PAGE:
YOKOSUKA NAVAL BASE, Japan — The Navy’s plan to use alternative fuels for half of its fleet by 2020 is proceeding, despite defense bill markups in both houses of Congress that could block all military spending on such forms of power, the service’s top civilian said Monday.
Secretary of the Navy Ray Mabus said he hoped the service ultimately would persuade lawmakers to allow continued purchases of costly biofuels and other energy sources due to unpredictable oil prices and supplies.
“I know we’ve got a lot of support in Congress,” Mabus told Stars and Stripes following a talk with sailors at Yokosuka Naval Base. “People recognize that we’re not doing this for environmental reasons, we’re not doing it because it’s a good thing to do. We’re doing it to remove … one of the biggest vulnerabilities I see for us as a military and as a nation.”
Mabus’ comments come just as the “Great Green Fleet” is presenting the largest display ever of biofueled naval power at the multinational Rim of the Pacific exercise in Hawaii this week.
If the most current versions of the defense bill become law, the Navy may not see another green fleet for a very long time.
The Navy spent $12 million — about $27 per gallon — on 450,000 gallons of fuel mixed from waste cooking oil and algae oil for the demonstration in Hawaii, according to service estimates. Conventional fuel currently costs the Navy $3.60 per gallon, according to a recent Reuters report.
For every $10 increase in a barrel of oil, the Defense Department spends an additional $1.4 billion, according to Phyllis Cuttino, director of the Pew Project on National Security, Energy and Climate, which advocates the Navy’s program. The Navy’s share of such an increase would be about $310 million, according to Senate transcripts.
Over the next three years, the Defense, Energy and Agriculture departments plan to jointly spend $510 million on domestic biofuels in a White House-backed initiative.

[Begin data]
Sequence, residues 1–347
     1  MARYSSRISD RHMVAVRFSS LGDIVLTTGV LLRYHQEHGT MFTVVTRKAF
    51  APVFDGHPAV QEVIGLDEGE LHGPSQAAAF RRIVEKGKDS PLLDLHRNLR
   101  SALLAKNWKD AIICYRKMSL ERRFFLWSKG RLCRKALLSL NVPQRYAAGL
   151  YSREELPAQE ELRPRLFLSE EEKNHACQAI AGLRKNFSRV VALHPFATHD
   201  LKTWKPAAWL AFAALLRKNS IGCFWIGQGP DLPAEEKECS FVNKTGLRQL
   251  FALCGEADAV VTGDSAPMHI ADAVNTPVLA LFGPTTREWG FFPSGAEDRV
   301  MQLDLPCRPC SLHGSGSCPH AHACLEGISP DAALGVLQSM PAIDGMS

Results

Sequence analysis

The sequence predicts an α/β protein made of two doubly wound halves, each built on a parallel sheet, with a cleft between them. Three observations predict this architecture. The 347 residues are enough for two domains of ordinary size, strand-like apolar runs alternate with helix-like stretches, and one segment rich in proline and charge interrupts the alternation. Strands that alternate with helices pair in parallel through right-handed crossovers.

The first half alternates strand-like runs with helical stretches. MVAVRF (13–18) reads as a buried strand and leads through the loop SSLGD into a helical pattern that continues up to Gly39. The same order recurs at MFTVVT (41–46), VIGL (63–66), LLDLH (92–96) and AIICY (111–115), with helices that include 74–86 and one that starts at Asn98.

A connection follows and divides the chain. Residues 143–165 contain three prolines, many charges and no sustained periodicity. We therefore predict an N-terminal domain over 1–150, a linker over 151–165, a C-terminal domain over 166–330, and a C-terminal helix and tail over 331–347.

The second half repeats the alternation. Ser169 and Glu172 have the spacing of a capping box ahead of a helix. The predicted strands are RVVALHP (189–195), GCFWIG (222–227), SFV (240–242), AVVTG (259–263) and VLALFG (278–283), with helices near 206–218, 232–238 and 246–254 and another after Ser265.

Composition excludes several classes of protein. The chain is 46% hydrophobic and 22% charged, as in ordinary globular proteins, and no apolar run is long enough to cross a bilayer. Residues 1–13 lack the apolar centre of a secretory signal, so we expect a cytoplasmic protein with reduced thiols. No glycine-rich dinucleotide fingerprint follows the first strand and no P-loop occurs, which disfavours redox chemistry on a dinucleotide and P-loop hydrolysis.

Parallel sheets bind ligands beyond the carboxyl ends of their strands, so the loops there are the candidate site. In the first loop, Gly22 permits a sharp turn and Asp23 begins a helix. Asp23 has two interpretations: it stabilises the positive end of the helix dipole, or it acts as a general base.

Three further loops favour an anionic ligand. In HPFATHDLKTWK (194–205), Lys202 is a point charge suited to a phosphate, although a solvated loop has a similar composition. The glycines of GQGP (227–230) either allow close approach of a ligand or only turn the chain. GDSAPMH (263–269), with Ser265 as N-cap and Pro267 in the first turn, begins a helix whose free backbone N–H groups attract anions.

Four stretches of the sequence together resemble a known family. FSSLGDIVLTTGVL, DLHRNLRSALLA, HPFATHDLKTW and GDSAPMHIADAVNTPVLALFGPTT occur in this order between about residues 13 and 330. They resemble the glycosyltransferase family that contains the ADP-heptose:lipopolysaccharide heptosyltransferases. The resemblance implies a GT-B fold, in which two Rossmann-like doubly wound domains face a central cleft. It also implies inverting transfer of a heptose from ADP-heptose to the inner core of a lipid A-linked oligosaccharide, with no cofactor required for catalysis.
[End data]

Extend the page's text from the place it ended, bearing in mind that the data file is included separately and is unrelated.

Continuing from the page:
Although Mabus and other alternative-energy advocates say producing larger quantities and making technological progress will bring prices down, several key lawmakers have balked at costs much higher than those for petroleum and natural gas.
In May, the House Armed Services Committee added language to the 2013 defense authorization bill preventing the Defense Department from buying anything that costs more than “traditional fossil fuel.”
During a closed-door session in June, the Senate committee counterpart added the same provision to its bill, then blocked the Defense Department from funding biofuel refineries without special authorization.
“Now, look, I love green energy, so I am not against it. It is a matter of priorities,” Rep. Randy Forbes (R-Va.), told Mabus during a hearing in February. “You are not the secretary of energy, you are the secretary of the Navy.”
Forbes said the money would be better spent on more ships and planes, especially given the Navy’s prominent role in the Pentagon’s emerging emphasis on the Asia-Pacific region.
In March, Sen. John McCain (R-Ariz.) compared Mabus’ energy plans with the White House’s past backing of Solyndra, a now-bankrupt solar energy company that received $535 million in federal loan guarantees.
“I don’t believe it’s the job of the Navy to be involved in building ... new technologies,” McCain later told Reuters. “I don’t believe we can afford it.”
Mabus did not explain exactly how he would overcome the congressional markups. However, the Pentagon would likely have to gain support in Congress to either change or delete the spending restrictions in the 2013 defense bill prior to a floor vote or during conference committee, when both houses of Congress reconcile dual bills.
“We are hopeful that during conference proceedings or during floor debate, Congress will reject these amendments,” Cuttino said Monday.
On Monday, Mabus took his case to about 800 sailors gathered at Yokosuka Fleet Theater.
He acknowledged the high costs of biofuels but compared them to the startup costs inherent in other new technologies. Mabus then questioned the reliability of unspecified oil-producing nations.
“We would never let some of these countries that we buy oil and gas from build our ships, our aircraft, our ground vehicles — but we give them a say on whether the ships sail or the aircraft fly or the vehicles operate,” Mabus said. “We’ve got to have a stable, homegrown, American source of fuel.”
Mabus planned to be in Hawaii on Tuesday to observe the USS Nimitz strike group. Other than the nuclear-powered Nimitz, the surface ships and aircraft in the strike group will all be operating on a 50/50 blend of petroleum-based and alternative fuels.